The ‘cylinder’ that houses the abdominal and pelvic organs has a top (diaphragm) and a bottom (pelvic floor) as well as (ideally) strong abdominal and spinal/trunk muscles at the front, sides and back, that together create stability for the spine and limbs.
Imbalance in any aspect of this cylinder influences all other aspect – for example a poor breathing pattern (upper chest breathing for example) leads to inefficient diaphragm function and tone, affecting the pelvic floor, and potentially resulting in back pain, sacroiliac dysfunction and problems such as incontinence.
Similarly excessive tone in any aspect of the cylinder – such as the pelvic floor – will have repercussions on the other parts and functions.

Regular visitors to this site will know that I frequently tend to return to the subject of better breathing, as a key to recovery from many health problems (for more on this topic see my co-authored book Multidisciplinary Approaches to Breathing Pattern Disorders).

New visitors might also wish to search this site for postings on the subject, as they are numerous, and hopefully enlightening, on what I see as a fundamental and much neglected topic.

Today’s return to the subject of breathing rehabilitation was triggered by reading a newly published research article by Taiwanese experts, in both physical therapy and gynaecology, led by Hsiu-Chuan Hung and colleagues.
The title of the report, which appeared in 2010 in the prestigious journal Manual Therapy is:
An alternative intervention for urinary incontinence: Retraining diaphragmatic, deep abdominal and pelvic floor muscle coordinated function

Stress urinary incontinence occurs in over 40% of women – many in their 20s and 30s – and a significant number of men).

Hodges (2007) has shown that there is a connection between respiration and pelvic floor function, as well as to sacroiliac joint problems, particularly in women.

If pelvic floor muscles are dysfunctional, spinal support is likely to be compromised, increasing external abdominal oblique muscle activity, which can overwhelm pelvic floor activity, and result in incontinence (Smith 2006)

This problem is extremely prevalent amongst athletes, gymnasts, dancers and individuals who train excessively to ‘tone’ themselves, but who neglect to ensure that their breathing patterns remain balanced and diaphragmatic.
For example researchers have reported that 41% of elite female athletes experience stress urinary incontinenc
e (Bo & Borgen 2001)

The summary/abstract of the report I am commenting on in today”s post, gives a clear indication that urinary incontinence is over 90% curable/significantly improvable, simply through retraining of the diaphragm (i.e. better breathing) – together with enhanced abdominal and pelvic floor muscle coordination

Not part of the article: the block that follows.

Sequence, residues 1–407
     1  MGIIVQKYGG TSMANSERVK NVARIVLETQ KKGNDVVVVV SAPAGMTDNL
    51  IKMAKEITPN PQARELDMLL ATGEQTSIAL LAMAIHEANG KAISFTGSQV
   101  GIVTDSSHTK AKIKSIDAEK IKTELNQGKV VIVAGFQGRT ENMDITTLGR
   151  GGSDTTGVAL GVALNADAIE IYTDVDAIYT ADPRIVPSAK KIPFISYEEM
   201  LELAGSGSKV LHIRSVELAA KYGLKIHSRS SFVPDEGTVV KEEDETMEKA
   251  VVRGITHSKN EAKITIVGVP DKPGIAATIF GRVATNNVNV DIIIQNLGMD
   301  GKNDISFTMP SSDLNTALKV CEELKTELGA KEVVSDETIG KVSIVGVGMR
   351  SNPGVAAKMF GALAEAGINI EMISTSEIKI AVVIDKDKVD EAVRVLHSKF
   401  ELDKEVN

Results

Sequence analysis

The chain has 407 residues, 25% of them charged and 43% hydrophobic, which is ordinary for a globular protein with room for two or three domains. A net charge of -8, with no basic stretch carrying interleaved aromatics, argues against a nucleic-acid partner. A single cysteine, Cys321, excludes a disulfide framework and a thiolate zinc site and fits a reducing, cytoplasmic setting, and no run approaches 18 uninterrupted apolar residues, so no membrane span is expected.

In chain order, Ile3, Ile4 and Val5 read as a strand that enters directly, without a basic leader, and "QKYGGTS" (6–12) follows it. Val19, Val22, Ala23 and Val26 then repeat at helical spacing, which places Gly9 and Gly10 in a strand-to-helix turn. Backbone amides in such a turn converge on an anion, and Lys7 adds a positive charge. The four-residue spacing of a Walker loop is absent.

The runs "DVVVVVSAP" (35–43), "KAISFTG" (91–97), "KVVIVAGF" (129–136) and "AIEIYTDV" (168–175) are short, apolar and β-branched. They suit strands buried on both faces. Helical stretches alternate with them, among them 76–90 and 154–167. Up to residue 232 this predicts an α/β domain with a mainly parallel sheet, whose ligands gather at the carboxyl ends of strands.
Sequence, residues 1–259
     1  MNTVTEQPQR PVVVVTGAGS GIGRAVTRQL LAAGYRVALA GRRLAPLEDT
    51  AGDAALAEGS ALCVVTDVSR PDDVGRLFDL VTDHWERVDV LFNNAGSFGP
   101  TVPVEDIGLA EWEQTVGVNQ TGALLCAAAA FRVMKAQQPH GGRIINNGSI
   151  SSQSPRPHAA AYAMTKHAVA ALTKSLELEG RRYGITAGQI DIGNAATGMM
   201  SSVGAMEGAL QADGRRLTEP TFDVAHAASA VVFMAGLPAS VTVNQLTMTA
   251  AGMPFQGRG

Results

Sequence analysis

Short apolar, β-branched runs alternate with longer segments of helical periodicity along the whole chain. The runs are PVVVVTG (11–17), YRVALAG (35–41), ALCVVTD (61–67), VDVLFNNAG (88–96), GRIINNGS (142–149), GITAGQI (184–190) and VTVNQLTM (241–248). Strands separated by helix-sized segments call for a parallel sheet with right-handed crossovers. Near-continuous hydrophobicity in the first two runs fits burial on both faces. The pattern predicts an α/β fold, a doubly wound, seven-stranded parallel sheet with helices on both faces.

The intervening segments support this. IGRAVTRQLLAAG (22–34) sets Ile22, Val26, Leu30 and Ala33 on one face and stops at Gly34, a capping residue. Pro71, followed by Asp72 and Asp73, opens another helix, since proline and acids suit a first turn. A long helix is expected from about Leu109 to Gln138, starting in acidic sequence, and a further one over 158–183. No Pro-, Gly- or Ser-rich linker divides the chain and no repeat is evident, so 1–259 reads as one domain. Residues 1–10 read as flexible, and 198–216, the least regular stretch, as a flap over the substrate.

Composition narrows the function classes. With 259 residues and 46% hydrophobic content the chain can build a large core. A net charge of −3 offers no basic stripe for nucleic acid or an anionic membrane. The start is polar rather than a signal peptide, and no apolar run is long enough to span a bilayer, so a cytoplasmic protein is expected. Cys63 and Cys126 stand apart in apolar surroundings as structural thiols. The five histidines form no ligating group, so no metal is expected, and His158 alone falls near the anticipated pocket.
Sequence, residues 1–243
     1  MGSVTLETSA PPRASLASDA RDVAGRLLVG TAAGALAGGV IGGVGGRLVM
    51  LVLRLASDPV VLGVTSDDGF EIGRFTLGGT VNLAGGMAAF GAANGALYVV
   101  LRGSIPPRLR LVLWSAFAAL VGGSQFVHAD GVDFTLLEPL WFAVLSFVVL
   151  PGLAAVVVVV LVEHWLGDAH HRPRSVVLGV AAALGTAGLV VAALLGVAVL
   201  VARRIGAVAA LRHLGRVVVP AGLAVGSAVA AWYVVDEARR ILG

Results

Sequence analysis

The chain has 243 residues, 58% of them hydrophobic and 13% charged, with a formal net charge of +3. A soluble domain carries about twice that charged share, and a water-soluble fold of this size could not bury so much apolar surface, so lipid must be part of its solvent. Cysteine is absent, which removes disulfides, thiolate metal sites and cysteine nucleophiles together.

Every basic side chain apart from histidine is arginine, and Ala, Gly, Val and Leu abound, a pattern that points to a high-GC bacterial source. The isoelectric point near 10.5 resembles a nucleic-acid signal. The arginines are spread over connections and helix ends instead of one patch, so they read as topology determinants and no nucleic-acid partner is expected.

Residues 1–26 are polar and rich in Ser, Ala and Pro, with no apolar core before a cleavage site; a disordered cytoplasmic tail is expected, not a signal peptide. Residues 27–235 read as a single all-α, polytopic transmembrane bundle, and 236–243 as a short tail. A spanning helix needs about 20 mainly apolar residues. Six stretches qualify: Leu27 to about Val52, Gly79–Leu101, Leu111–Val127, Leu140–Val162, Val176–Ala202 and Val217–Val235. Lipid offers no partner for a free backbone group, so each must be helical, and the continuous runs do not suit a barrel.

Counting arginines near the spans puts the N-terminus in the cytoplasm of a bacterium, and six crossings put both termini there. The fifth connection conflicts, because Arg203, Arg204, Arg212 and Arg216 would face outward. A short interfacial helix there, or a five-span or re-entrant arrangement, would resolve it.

“This study was a randomized controlled trial to investigate the effect of treating women with stress or mixed urinary incontinence (SUI or MUI) by diaphragmatic, deep abdominal and pelvic floor muscle (PFM) retraining. Seventy women were randomly allocated to the training (35) or control group (35). Women in the training group received 8 individual clinical visits and followed a specific exercise program. Women in the control group performed self-monitored PFM exercises at home. The primary outcome measure was self-reported improvement. Secondary outcome measures were 20-min pad test, 3-day voiding diary, maximal vaginal squeeze pressure, holding time and quality of life. After a 4-month intervention period, more participants in the training group reported that they were cured or improved
The cure/improved rate was above 90%.
Both amount of leakage and number of leaks were significantly lower in the training group

More aspects of quality of life improved significantly in the training group than in the control group. Maximal vaginal squeeze pressure, however, decreased slightly in both groups. Coordinated retraining diaphragmatic, deep abdominal and PFM function could improve symptoms and quality of life. It may be an alternative management for women with SUI or MUI.

There is a paradox in this report since, in previous posts, I have highlighted the risks of excessive toning of these very muscles (abdominal/pelvic floor) – something that can lead to pelvic pain as well as symptoms such as stress incontinence (see posting in February 2008)
The difference between ‘toning’ and achieving ‘coordination’ as reported in the study above, is enormous.
One approach (toning) may lead to pelvic floor rigidity; the other approach (coordination and breathing training) should lead to greater flexibility as well as control – and apparently does so in over 90% of individuals !

  • Bo K Borgen J 2001 Prevalence of stress and urge urinary incontinence in elite athletes Med Sci Sports Exerc 33:1797-1802
  • Hsieu-Chuan Hung et al 2010 An alternative intervention for urinary incontinence. Manual Therapy 15:273-279
  • Hodges P 2007 Postural and respiratory functions of the pelvic floor muscles Neurourology and Urodynamics 26(3):362-371
  • Smith M Russell A Hodges P 2006 Disorders of breathing and continence have a stronger association with back pain than obesity and physical activity. Australian Journal of Physiotherapy 21(52):11-16